May 10, 2013 — Materials science and physics research led by early career Oak Ridge National Laboratory scientists received a boost this week from the Department of Energy's Office of Science Early Career Research Program.
The program, now in its fourth year, is designed to bolster the nation's scientific workforce by providing support to exceptional researchers during crucial early career years when many scientists do their most formative work. This year's 61 awardees were selected from a pool of 770 university- and national laboratory-based applicants.
"This highly competitive program is a well-deserved recognition for early-career scientists who are launching their own research programs," ORNL Director Thom Mason said. "We are delighted that four of this year's awards are going to researchers associated with ORNL."
Valentino Cooper, from ORNL's Materials Science and Technology Division, was selected for his project "First Principles Predictions of Phase Stability in Complex Oxides."
Cooper's research will focus on developing theoretical and computational methods to predict and discover new complex perovskite oxide materials. These materials are already important in technologies such as high-resolution ultrasound machines and fuel injectors in clean burning and efficient diesel engines. The development of more responsive, lead-free materials may enable their use in new applications.
Gaute Hagen, a researcher in ORNL's Physics Division, was chosen for his project "State of the Art Microscopic Computations of Weak Processes in Nuclei."
Hagen's project aims to develop novel extensions of computational methods that address fundamental questions in physics such as "What is the nature of the neutrino?" and "What are the mechanisms for the production of elements heavier than iron?" By using computation to study weak nuclear decays, Hagen's research will enable predictions of properties of medium-mass, neutron-rich nuclei at a microscopic level. These advanced calculations will shed new light on the mechanisms behind weak decays and will be relevant for future experiments at laboratories worldwide.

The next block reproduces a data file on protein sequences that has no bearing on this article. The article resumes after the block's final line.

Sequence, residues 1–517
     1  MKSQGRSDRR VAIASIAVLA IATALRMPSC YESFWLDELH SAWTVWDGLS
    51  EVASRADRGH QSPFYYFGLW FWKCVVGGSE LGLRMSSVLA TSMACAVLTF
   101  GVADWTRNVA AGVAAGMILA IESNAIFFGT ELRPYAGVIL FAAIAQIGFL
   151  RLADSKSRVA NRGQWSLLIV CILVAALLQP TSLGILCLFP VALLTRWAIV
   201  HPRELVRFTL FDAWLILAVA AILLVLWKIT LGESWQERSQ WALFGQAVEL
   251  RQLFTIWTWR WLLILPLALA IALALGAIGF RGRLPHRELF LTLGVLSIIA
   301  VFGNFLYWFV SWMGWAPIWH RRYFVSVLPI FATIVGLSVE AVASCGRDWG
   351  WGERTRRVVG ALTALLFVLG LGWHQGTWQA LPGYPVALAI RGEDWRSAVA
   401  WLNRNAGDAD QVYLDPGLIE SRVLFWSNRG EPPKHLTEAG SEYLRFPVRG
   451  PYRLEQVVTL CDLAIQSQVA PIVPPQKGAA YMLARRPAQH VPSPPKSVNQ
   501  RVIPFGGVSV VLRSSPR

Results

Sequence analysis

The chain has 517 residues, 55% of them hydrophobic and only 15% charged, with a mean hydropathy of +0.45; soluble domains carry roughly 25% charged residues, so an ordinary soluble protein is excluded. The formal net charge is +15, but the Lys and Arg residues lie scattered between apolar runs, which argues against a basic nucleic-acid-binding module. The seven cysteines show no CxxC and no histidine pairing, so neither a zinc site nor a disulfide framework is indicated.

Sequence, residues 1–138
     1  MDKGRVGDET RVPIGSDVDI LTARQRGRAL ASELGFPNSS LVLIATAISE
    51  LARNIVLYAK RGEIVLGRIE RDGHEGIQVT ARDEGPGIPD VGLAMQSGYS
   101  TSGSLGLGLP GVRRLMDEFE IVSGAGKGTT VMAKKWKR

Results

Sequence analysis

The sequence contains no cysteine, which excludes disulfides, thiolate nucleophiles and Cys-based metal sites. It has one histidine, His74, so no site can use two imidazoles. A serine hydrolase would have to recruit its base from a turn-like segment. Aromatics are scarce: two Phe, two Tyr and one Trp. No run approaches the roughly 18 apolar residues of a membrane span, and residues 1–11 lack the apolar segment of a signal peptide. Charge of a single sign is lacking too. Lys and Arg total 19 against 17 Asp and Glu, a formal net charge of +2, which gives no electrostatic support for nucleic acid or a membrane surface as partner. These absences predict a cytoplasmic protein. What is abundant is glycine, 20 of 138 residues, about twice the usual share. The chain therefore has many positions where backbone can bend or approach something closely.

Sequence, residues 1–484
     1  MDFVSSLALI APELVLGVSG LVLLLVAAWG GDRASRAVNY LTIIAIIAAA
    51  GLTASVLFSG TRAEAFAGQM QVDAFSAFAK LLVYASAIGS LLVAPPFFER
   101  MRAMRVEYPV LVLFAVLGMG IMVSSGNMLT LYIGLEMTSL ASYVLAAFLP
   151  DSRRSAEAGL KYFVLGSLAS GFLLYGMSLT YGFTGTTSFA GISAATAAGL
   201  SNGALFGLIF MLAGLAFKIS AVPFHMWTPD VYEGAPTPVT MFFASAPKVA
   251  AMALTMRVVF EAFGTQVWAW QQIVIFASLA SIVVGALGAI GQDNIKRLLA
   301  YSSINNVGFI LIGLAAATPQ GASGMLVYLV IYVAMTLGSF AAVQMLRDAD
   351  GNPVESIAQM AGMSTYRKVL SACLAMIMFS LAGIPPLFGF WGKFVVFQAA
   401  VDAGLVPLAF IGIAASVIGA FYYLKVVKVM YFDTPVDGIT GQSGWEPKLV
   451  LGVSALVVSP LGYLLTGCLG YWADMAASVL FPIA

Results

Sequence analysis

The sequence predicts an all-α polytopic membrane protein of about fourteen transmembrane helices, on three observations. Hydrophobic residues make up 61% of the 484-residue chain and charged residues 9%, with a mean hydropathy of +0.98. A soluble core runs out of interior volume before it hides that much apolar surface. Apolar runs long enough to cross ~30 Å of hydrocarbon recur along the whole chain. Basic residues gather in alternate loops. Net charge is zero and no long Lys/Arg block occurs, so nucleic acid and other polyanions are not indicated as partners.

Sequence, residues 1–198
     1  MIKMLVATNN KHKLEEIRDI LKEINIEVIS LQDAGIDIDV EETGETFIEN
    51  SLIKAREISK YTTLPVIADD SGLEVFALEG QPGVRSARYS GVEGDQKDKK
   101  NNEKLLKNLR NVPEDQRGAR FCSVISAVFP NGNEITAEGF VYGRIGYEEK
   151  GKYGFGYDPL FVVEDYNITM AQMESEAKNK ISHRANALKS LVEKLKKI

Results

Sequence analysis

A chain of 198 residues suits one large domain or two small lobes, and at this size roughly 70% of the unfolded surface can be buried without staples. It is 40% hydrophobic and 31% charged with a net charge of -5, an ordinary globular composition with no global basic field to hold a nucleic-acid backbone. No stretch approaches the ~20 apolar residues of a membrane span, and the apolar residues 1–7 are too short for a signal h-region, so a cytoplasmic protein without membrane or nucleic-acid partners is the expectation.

Two researchers with joint faculty appointments at ORNL also received awards from the DOE Early Career Research Program.
The University of Tennessee's Jason Hayward, who holds a joint appointment in ORNL's Nuclear Security and Isotope Technology Division, received an award for his project "Neutron Scattering Instrumentation Research and Development for High Spatial and Temporal Resolution Imaging at Oak Ridge National Laboratory."
Hayward's proposal focuses on developing new detectors with increased spatial and temporal resolution to aid experimental research at high-intensity pulsed sources such as ORNL's Spallation Neutron Source (SNS). Success in this research will be transformational to neutron imaging, a powerful tool to investigate materials for such energy-related applications as fuel cells, energy storage, hydrogen storage and nuclear technology.
Matthias Schindler, a joint faculty appointee in ORNL's Physics Division from the University of South Carolina, was selected for his project "Hadronic Parity Violation in Few-Nucleon Systems."
Schindler's research aims to advance the study of hadronic parity violation, a phenomenon in physics that is still poorly understood despite several decades of experimental and theoretical effort. Recent progress on high-intensity neutron sources such as ORNL's SNS makes it possible to study parity violation in few-nucleon systems.
Under the program, university-based researchers will receive at least $150,000 per year to cover summer salary and research expenses. For researchers based at ORNL, where DOE typically covers the full salary and expenses of laboratory employees, grants will be at least $500,000 per year to cover year-round salary plus research expenses. The final details for each project award are subject to final grant and contract negotiations between DOE and the awardees.
UT-Battelle manages ORNL for the Office of Science. The Office of Science is the single largest supporter of basic research in the physical sciences in the United States and is working to address some of the most pressing challenges of our time. For more information, please visit http://science.energy.gov/.